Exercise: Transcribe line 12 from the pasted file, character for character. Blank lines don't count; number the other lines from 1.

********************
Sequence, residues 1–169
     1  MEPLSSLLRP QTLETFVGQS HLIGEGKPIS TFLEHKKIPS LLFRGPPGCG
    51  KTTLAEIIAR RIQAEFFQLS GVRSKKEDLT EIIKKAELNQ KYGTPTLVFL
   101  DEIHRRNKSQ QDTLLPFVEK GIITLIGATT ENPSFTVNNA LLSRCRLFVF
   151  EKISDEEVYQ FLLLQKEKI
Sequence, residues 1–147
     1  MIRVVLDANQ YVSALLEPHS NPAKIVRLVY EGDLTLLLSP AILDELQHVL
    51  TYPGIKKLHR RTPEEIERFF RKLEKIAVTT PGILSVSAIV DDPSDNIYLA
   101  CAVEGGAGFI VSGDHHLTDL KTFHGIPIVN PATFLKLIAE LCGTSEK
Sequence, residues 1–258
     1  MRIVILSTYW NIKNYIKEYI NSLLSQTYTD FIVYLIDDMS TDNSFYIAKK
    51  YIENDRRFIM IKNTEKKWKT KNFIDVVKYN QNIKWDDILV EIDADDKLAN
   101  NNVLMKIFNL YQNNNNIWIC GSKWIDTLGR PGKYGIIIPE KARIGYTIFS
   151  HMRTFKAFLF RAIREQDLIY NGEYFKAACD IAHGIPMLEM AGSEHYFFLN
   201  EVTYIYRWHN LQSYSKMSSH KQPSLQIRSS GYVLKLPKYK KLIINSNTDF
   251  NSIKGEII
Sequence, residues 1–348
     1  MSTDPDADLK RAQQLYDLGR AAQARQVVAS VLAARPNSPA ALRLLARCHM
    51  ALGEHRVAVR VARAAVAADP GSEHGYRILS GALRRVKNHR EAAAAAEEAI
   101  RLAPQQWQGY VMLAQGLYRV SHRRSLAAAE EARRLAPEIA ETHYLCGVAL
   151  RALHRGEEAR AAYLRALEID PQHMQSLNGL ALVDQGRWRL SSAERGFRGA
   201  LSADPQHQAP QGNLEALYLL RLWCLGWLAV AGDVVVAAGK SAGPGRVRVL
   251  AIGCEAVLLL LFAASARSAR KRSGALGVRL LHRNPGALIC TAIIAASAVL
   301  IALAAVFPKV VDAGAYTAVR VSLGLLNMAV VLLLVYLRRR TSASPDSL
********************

    51  YIENDRRFIM IKNTEKKWKT KNFIDVVKYN QNIKWDDILV EIDADDKLAN